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  1. #51
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    Quote Originally Posted by galadriel View Post
    It may just be starting to rear its head:

    http://www.ybw.com/forums/showthread.php?t=271854

    .
    Given that that one was 17 years old, it rather supports my view.

  2. #52
    Join Date
    Nov 2003
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    Emsworth, Chichester Hbr, UK
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    Quote Originally Posted by snooks View Post

    Until this came into the office I knew nothing about this problem, or the difference between brass, bronze or DZR,
    Somehow I was fully aware of this back in 1984 when I fitted out my boat. I am certainly not a chemist or a metallurgist, and the internet did not then exist. My information would have come largely from PBO or YM or one of a very few standard boating texts.

    Perhaps this reflects that the truly 'practical' aspect has largely disappeared from magazines?

    Vic

  3. #53
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    Dec 2009
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    Tottington Hall, near Bury, in the Duchy of Lancaster
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    Quote Originally Posted by Bosun Higgs View Post
    No time mto read through every post..... personally I reckon its a bit of scaremongering. ....I reckon the life has to be way more than 5 years or boats would be sinking all over the place.
    "Don't confuse me with the facts. My mind is made up...."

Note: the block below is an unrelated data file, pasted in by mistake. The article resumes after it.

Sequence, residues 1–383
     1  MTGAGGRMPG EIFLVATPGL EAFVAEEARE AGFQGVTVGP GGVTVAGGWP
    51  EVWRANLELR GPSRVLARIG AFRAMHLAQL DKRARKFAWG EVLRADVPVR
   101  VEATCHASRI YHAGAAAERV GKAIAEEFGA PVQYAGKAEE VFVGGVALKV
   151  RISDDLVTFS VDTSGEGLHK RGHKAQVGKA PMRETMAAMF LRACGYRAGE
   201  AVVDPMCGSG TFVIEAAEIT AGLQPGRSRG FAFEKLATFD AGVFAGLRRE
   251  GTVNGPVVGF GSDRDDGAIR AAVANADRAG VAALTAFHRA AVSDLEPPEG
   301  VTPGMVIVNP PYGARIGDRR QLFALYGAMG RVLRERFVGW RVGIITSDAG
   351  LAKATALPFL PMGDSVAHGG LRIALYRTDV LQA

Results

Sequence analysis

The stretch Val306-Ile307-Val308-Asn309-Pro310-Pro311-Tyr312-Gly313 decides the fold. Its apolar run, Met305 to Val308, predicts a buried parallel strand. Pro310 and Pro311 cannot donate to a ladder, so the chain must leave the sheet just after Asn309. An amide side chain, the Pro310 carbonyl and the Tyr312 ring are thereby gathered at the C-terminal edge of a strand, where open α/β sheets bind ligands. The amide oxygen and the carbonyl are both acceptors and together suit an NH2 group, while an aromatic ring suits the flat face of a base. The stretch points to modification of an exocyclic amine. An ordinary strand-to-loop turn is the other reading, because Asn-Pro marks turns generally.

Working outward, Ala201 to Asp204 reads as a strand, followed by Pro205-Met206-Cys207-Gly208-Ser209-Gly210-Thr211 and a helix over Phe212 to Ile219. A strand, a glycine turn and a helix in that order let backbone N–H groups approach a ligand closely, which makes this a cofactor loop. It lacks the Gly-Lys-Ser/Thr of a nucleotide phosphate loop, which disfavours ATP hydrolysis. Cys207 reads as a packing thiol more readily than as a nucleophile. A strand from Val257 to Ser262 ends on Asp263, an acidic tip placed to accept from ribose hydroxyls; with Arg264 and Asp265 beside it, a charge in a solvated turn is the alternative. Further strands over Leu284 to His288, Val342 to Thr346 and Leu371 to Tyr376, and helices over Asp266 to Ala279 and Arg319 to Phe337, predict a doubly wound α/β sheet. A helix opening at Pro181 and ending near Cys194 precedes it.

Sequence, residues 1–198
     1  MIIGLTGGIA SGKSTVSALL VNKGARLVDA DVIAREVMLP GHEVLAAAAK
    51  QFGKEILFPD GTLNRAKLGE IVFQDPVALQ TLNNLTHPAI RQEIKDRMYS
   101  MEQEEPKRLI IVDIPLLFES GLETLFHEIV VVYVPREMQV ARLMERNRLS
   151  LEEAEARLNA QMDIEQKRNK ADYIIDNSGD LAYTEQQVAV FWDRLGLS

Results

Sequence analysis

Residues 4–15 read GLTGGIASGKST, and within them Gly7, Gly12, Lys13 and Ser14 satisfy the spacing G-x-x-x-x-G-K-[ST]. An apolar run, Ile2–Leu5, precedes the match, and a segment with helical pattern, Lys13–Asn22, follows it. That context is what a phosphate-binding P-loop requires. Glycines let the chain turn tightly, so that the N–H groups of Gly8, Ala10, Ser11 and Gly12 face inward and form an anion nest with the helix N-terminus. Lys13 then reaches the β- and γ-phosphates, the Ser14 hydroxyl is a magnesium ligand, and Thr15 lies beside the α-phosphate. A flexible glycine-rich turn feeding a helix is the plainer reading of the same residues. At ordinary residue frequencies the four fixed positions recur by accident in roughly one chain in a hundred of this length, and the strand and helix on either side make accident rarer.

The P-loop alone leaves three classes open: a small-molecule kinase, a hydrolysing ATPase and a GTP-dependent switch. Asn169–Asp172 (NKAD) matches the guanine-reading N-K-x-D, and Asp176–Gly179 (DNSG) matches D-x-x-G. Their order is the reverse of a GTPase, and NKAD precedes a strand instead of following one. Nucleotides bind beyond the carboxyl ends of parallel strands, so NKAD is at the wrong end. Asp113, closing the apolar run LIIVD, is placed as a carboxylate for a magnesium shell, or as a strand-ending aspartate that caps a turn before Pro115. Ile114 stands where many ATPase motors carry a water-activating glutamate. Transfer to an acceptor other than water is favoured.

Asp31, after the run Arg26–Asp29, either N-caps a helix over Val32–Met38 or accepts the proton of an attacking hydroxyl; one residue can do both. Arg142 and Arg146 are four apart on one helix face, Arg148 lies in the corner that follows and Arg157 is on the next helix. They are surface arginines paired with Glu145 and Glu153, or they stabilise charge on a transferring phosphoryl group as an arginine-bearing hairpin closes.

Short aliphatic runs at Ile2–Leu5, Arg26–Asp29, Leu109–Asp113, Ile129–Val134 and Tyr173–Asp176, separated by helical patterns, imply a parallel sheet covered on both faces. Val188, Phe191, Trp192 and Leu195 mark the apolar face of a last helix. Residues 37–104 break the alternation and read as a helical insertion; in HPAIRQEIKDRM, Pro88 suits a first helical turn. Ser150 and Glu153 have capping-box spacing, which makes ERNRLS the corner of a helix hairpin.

Boats ARE sinking all over the place. It's the insurers who know what, where, and how often, sufficient to do any sort of analysis. And it IS the insurance wallahs who first flagged this up as a matter of growing concern. 'Hunch' isn't an actuary's job-skill....

    It may be found that boats rather older than 5 years mostly have through-hull fittings of normal bronze, and it is only new-builds ( or where 'el cheapo' replacements have been fitted ) that are faced with this problem.

    I guess it will be a matter between each individual boat owner and his/her insurer, along the lines of 'demonstrate that your u/w fittings are made of approved materials from the following list by provision of a surveyor's or boatbuilder's report, or have the following Exclusions apply to your policy - Sinking from the following causes....'


  4. #54
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    Nov 2009
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    Southampton
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    Quote Originally Posted by Lady Campanula View Post
    I guess it will be a matter between each individual boat owner and his/her insurer, along the lines of 'demonstrate that your u/w fittings are made of approved materials from the following list by provision of a surveyor's or boatbuilder's report, or have the following Exclusions apply to your policy - Sinking from the following causes....'
    Guess I'd better hang on to those ASAP receipts then

    Pete

  5. #55
    Join Date
    Jan 2004
    Location
    Chichester Harbour
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    13,635

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    Thats a good point, insurers almost always insist on rigging being replace after so many years, next maybe they will insist on skin fittings being replaced.
    "You are young and life is long and there is time to kill today
    And then one day you find ten years have got behind you"